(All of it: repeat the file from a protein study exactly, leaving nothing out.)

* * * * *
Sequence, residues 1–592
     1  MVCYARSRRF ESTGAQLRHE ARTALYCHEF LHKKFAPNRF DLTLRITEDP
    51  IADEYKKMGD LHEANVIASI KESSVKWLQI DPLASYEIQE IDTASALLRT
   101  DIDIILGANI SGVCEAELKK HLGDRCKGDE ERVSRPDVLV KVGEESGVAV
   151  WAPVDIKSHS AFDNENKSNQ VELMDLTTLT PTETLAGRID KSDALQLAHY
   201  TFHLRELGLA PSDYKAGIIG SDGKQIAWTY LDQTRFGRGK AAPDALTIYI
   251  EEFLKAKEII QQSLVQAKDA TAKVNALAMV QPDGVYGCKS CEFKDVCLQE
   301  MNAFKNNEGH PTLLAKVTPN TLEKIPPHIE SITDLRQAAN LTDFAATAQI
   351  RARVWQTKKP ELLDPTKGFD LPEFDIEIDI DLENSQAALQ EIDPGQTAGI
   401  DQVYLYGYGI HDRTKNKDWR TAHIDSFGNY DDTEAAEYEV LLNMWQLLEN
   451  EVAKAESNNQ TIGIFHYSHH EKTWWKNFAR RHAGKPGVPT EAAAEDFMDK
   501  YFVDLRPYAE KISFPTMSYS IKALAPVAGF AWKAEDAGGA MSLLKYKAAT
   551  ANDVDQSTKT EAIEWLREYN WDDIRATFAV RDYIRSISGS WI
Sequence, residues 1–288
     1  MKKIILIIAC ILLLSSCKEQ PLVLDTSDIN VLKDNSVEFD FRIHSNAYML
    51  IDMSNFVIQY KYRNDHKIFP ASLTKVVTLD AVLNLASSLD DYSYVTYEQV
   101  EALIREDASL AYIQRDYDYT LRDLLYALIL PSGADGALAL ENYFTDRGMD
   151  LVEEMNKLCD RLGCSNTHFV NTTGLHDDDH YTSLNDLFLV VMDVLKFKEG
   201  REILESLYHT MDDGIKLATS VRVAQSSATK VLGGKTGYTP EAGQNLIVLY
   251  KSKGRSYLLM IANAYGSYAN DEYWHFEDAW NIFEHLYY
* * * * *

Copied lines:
Sequence, residues 1–592
     1  MVCYARSRRF ESTGAQLRHE ARTALYCHEF LHKKFAPNRF DLTLRITEDP
    51  IADEYKKMGD LHEANVIASI KESSVKWLQI DPLASYEIQE IDTASALLRT
   101  DIDIILGANI SGVCEAELKK HLGDRCKGDE ERVSRPDVLV KVGEESGVAV
   151  WAPVDIKSHS AFDNENKSNQ VELMDLTTLT PTETLAGRID KSDALQLAHY
   201  TFHLRELGLA PSDYKAGIIG SDGKQIAWTY LDQTRFGRGK AAPDALTIYI
   251  EEFLKAKEII QQSLVQAKDA TAKVNALAMV QPDGVYGCKS CEFKDVCLQE
   301  MNAFKNNEGH PTLLAKVTPN TLEKIPPHIE SITDLRQAAN LTDFAATAQI
   351  RARVWQTKKP ELLDPTKGFD LPEFDIEIDI DLENSQAALQ EIDPGQTAGI
   401  DQVYLYGYGI HDRTKNKDWR TAHIDSFGNY DDTEAAEYEV LLNMWQLLEN
   451  EVAKAESNNQ TIGIFHYSHH EKTWWKNFAR RHAGKPGVPT EAAAEDFMDK
   501  YFVDLRPYAE KISFPTMSYS IKALAPVAGF AWKAEDAGGA MSLLKYKAAT
   551  ANDVDQSTKT EAIEWLREYN WDDIRATFAV RDYIRSISGS WI
Sequence, residues 1–288
     1  MKKIILIIAC ILLLSSCKEQ PLVLDTSDIN VLKDNSVEFD FRIHSNAYML
    51  IDMSNFVIQY KYRNDHKIFP ASLTKVVTLD AVLNLASSLD DYSYVTYEQV
   101  EALIREDASL AYIQRDYDYT LRDLLYALIL PSGADGALAL ENYFTDRGMD
   151  LVEEMNKLCD RLGCSNTHFV NTTGLHDDDH YTSLNDLFLV VMDVLKFKEG
   201  REILESLYHT MDDGIKLATS VRVAQSSATK VLGGKTGYTP EAGQNLIVLY
   251  KSKGRSYLLM IANAYGSYAN DEYWHFEDAW NIFEHLYY